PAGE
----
The latest aesthetic to sweep social feeds everywhere involves sun protection, large kitchen islands, and the general ease of a woman retired into a life of bliss by the water. That's right, we're talking Coastal Grandmother.
If you’ve seen a Nancy Meyers movie, tried an Ina Garten recipe, or “slipped into” an oversized linen button-up, you may be experiencing life as a Coastal Grandmother. The newly-popular aesthetic is a nod to the type of comfortable, laidback lifestyle that might include wine-fueled book club meetings or evening walks on the beach. Nothing’s cropped or neon. In fact, neutrals reign supreme with timeless dashes of pale blue or pink.
I polled my Instagram about the trend and was surprised at the influx of responses from friends in the fashion industry and beyond. For coastal granny devotees, its recent surge in popularity is beside the point. “Over the years my friends and family have been known to call me 'grandma,' and I could not be happier that my style now has a cool name,” shared publicist Danielle Triano. Writer and content creator Gracie Weiner could relate: “Personally, I feel like my whole life has been prepping me for the 'Coastal Grandmother Aesthetic' moment since this is how I have been dressing my whole life.” She calls the look “a love letter to freedom, independence, and a lack of responsibility.” Where do we sign up?
Like in many internet-defined subcultures, there are certain canonical films that serve as a cornerstone for the way of dressing—or rather, way of living. For burgeoning CGs, Something's Gotta Give and It's Complicated are canon. Nancy Meyers is queen. Natural fibers and shades of cream (choice features of a Meyers movie set) reign supreme. As such, there’s something familiar and nostalgic about the aesthetic. Copywriter Sammy Luterbach Walsh agrees. “It reminds me of every formative movie I loved growing up,” she shares. Does she dream of living in Carmel-By-the-Sea and finally uncovering Meg Ryan’s yellow floral sheets from You’ve Got Mail? Yes and yes.
According to Tiktok’s resident expert on the trend, Lex Nicoleta, you don’t have to be a grandmother to be a Coastal Grandmother. She’s been spearheading the trend on Tiktok for a few months posting content ranging from Coastal Grandmother cocktails to helpful Q+As on the trend. The “CG”, as it’s been coined, has now taken over her profile, spawning offshoots from other creators featuring CG-isnpired playlists, soothing moodboards, and trend deep dives.
Don't believe TikTok? Take it from a real-life CG. The founder of Parlay House, a women's networking community, Anne Devereux-Mills lives the dream as a bi-coastal grandmother (she's known as "Lovey" to her granddaughter) all day, every day.
When in New York, Devereux-Mills opts for chic sneakers ideal for running around. In San Francisco, she’s more likely to go for a "slide and loafers vibe." Despite my introducing her to the online Coastal Grandmother phenom, she has an innate, expert-level grasp of the aesthetic, having lived it herself. She describes the feeling as “having reached the age where we define style rather than it defining us." And the CG look isn't just about comfort either. It's more about embracing ease and versatility. "If I want to look chic and cozy, I do, but there's tons of room to dial it up into glam and dial it back into a cover-up over my swimsuit. This phase is about breaking old rules and making new ones based on self-confidence and self-acceptance.”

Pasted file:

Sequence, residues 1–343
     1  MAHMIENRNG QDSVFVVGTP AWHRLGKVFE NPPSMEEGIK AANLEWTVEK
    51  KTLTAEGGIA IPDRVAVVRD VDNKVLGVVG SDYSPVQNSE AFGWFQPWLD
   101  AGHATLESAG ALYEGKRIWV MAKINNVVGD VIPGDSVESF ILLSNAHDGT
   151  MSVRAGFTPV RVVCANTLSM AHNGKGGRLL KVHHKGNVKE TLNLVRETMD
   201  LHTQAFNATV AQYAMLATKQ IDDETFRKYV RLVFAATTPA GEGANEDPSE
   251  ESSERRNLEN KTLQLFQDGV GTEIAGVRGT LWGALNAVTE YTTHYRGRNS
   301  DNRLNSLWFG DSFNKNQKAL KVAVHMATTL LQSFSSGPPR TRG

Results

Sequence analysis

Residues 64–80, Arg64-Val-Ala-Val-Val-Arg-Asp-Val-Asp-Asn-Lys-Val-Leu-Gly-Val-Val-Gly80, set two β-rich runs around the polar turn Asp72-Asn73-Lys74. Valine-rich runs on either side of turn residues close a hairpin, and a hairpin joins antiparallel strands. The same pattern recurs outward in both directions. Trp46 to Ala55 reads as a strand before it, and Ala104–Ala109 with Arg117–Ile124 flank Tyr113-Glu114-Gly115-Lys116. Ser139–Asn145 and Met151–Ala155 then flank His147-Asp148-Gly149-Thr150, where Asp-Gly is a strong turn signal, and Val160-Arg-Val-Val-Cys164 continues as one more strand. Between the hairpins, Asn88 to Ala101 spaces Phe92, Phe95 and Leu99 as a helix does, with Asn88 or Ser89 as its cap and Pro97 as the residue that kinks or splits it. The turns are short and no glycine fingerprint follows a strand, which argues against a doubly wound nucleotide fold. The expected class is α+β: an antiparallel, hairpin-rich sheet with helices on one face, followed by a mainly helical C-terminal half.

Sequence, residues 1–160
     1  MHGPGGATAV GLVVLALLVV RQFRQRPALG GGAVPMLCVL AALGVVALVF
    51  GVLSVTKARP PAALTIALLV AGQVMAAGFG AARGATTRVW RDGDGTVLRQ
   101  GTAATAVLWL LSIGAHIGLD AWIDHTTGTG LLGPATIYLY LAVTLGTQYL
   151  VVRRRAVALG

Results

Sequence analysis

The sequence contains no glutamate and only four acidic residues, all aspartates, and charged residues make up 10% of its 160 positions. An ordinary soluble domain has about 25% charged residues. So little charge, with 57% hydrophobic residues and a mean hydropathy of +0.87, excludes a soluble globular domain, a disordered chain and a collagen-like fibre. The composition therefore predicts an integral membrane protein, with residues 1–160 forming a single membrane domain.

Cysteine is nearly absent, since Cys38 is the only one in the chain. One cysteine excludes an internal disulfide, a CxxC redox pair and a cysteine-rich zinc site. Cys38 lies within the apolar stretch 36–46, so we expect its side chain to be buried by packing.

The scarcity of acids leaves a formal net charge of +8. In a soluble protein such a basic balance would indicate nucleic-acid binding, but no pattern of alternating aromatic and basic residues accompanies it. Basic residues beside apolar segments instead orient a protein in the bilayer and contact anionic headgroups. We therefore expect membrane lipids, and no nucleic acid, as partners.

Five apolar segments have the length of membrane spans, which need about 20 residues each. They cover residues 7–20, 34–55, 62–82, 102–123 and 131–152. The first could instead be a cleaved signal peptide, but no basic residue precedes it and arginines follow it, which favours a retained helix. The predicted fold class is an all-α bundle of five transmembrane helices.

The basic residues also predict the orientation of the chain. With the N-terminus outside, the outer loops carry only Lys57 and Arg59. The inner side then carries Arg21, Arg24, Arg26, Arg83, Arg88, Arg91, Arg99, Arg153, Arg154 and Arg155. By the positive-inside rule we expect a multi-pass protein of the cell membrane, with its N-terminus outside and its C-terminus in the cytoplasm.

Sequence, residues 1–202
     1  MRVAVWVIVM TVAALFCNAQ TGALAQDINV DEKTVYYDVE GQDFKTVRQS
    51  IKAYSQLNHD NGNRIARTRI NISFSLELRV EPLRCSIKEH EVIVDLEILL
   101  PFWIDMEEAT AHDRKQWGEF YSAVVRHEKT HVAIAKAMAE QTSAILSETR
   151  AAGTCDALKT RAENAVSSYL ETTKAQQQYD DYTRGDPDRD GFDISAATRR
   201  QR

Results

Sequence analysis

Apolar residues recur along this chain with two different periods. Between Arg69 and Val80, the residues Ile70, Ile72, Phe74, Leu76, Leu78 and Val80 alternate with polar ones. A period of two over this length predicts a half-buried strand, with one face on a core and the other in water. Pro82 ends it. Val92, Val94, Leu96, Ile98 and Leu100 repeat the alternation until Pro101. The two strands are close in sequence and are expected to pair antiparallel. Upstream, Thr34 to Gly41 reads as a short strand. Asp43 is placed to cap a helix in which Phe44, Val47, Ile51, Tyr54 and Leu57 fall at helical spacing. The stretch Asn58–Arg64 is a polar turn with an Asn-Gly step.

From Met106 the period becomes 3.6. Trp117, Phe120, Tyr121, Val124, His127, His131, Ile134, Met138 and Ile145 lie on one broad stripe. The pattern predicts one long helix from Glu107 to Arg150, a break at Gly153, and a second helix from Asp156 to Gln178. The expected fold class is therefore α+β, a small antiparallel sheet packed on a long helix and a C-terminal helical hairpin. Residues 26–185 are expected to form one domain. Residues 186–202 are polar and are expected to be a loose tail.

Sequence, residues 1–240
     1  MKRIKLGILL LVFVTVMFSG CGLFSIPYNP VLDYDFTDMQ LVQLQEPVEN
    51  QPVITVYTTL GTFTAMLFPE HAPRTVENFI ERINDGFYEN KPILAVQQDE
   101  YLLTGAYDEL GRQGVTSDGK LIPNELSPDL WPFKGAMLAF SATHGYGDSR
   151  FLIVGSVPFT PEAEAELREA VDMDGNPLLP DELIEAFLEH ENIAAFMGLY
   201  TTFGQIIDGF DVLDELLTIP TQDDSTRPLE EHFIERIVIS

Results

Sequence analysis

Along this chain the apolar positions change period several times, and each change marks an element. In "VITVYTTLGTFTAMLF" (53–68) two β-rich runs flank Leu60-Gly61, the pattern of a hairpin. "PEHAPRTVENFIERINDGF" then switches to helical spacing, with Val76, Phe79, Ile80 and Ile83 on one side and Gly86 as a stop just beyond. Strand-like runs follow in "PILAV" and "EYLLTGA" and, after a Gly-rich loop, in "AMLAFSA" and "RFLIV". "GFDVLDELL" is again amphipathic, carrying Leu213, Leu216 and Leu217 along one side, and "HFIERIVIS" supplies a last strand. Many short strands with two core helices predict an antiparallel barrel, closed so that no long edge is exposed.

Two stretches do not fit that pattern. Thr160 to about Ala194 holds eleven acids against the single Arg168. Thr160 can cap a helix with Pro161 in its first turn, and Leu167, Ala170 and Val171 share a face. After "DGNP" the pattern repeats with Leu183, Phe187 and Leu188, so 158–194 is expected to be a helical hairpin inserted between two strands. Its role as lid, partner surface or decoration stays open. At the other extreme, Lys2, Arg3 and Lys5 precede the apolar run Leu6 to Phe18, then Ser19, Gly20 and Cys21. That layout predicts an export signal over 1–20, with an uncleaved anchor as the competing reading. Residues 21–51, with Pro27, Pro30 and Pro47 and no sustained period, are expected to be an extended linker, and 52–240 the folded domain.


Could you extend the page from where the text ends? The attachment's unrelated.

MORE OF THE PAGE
Just as there are certain essential movies for the Coastal Grandmother look, there’s one blogger who comes immediately to mind for those in the know: Carly Riordan, whose now-defunct blog, The College Prepster, you might have poured over in the early 2010s. She’s been pioneering straw hats, hydrangeas, and romanticizing your life as it is for over a decade. “Finally a name to encapsulate the comfortably chic look I love to wear all summer long," she said of the aesthetic. "Personally, I love the idea of well-worn clothes– it's not about buying something new necessarily but wearing your favorite neutral pieces all the time.”
In short, dressing like a Coastal Grandmother prioritizes longevity and comfort. Donate your tight, strappy dresses. Embrace linen caftans. You’ll need a baseball hat to start, if it’s needlepoint and tennis white-approved, all the better. Stick to comfortable shoes like Birkenstocks or Tretorn sneakers. You’ll also want a Boat and Tote in every size. Try mixing things up with a cheeky monogram. And no look is complete without a breezy button-up.
When I asked Devereux-Mills about the joys of her bi-coastal grandmother lifestyle, she shared this advice: “Welcoming people into your home with warmth and grace. Having the experience to pull food together with whatever you've got in your fridge. Not sweating the small stuff. Focusing on deep and meaningful conversations. Giving and receiving love.”
Whether this trend is just another part of the Y2K resurgence (Nancy Meyers's heyday) or a reaction to the past two years spent at home, it’s refreshingly wholesome. And unlike recent aesthetic tropes, it’s as subtle as a state of mind.